by Justin Cupler
image of license plates from timur1970 of Fotolia.com
Having a license plate light off can result in a fine and possible court date, so it’s best to get that light fixed as soon as possible. There are several reasons why the light goes out: a burned out light bulb, faulty wiring, or a faulty plug. You will learn how to repair each of these possible causes of your lighting problem.
Replacing a burned out light bulb
Remove the cover over the license plate bulb. Every car is different, but most have a tab that pushes in and slides out.
Remove the bulb from the socket. Sometimes it’s a tight fit, so you may need to use a screwdriver to pry up and loosen the bulb.
Compare the stamping on the metal part of the old bulb to the new bulb to make sure the new bulb is the correct size and wattage for your vehicle.
Fit the new bulb into the socket by simply pressing it in until it is securely seated in the socket.
Replace the cap on the bulb by simply pressing it into place until it clicks.
Turn on your vehicle’s lights and verify that they are working properly.
Faulty wiring replacement
Locate the shorted wire by tracing it through the wiring diagram found in your repair manual.
Cut off the bad section of wiring.
Cut a section of replacement cable the same length as the section you removed from your vehicle.
Strip approximately 1/4 “from the end of each wire and twist the ends together. Use a good layer of solder to secure the connection and wrap them in electrical tape.
Retest the power coming through the cord at the plug end to make sure there is proper voltage. If the voltage is correct, replace the items you removed to access the wire and verify that the lights are working properly.
Replacing a faulty plug
Remove the cap from the bulb. This process varies from vehicle to vehicle, but most are removed simply by pressing the locking tab on the side and pulling on the lens.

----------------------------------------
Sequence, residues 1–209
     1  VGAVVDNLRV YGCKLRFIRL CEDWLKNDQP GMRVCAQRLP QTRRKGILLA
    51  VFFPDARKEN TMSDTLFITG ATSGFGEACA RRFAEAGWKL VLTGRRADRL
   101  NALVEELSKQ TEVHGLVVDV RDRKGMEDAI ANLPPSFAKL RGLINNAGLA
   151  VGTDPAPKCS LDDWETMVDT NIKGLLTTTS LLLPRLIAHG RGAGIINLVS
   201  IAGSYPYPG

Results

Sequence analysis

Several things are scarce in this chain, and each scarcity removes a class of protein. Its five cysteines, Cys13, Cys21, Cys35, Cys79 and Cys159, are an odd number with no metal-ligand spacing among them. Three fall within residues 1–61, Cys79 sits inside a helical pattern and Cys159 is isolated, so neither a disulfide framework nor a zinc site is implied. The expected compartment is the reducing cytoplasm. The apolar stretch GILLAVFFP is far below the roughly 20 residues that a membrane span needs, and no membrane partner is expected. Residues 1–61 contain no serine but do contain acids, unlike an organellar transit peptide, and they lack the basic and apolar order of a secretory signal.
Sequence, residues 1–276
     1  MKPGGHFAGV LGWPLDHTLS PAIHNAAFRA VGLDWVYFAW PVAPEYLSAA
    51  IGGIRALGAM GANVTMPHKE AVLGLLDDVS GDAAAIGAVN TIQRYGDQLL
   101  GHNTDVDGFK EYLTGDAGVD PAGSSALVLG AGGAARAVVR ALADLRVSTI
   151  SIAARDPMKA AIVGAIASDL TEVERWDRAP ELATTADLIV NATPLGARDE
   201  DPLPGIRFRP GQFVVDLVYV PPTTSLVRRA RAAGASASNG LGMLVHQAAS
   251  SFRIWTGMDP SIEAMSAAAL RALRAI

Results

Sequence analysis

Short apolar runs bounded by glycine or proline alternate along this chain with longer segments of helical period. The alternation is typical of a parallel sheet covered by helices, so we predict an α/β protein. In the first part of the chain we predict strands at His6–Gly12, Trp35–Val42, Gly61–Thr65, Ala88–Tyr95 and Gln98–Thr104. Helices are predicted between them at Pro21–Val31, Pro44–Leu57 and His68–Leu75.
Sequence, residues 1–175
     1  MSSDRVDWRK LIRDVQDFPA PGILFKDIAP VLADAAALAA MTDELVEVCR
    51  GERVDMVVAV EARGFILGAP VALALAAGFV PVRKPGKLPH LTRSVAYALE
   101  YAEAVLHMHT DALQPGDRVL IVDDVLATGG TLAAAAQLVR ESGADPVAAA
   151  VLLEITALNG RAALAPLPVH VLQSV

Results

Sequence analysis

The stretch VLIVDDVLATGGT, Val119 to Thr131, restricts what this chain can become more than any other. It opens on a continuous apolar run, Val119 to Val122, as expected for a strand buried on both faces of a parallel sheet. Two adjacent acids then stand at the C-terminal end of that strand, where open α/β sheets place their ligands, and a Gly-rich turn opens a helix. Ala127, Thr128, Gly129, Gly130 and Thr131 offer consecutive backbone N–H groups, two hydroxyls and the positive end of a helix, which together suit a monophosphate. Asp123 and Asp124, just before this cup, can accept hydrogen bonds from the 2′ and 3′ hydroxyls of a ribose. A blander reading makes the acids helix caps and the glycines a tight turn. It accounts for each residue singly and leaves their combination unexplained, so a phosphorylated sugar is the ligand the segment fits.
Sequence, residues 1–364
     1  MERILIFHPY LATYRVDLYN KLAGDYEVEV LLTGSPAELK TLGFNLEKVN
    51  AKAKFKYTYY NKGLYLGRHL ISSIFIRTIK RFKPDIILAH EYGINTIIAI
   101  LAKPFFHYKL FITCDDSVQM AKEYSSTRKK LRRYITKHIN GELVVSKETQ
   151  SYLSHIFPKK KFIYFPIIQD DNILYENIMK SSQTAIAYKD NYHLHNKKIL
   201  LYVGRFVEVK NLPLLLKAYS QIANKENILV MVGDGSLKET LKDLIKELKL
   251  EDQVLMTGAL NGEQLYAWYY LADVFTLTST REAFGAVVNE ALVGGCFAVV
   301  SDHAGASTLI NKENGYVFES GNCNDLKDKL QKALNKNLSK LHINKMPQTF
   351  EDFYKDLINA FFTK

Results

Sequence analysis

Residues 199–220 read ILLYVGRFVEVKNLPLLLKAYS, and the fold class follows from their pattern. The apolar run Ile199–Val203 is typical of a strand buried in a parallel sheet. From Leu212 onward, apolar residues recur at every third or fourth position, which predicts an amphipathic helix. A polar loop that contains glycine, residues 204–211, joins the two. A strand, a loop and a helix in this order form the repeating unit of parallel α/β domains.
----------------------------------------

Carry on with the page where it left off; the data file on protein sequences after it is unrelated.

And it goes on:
Remove the bulb from the socket by pulling it by hand or prying it with a screwdriver.
Remove the plug from your vehicle. This process can vary from vehicle to vehicle, but most vehicles have one or two bolts that hold the bushing in place.
Disconnect the old plug from the wiring by separating the connectors. Some vehicles are hardwired and will require you to cut the plug from your vehicle.
Plug the new plug into the existing cables in your vehicle. This will require splicing and soldering in vehicles where the plug is wired.
Place a light bulb in the socket and verify that it is working properly before reinstalling it, if possible.
Put the new plug in place and secure it with the screws that held the old plug in place.
Replace the lens on the bulb simply by pressing it until it clicks into place.
Check for proper operation once everything is installed.
- Replace the bulb every time you handle it.
- Use a cloth or handkerchief when handling new bulbs to prevent oil contamination.
- Always disconnect the negative terminal of your car battery when working with electronic devices.
Articles will need
- Basic set of hand tools
- Repair manual (Haynes or Chilton & # 039; s)
- Electric tape
- Electric cable
- Wire cutters
- Wire stripping tool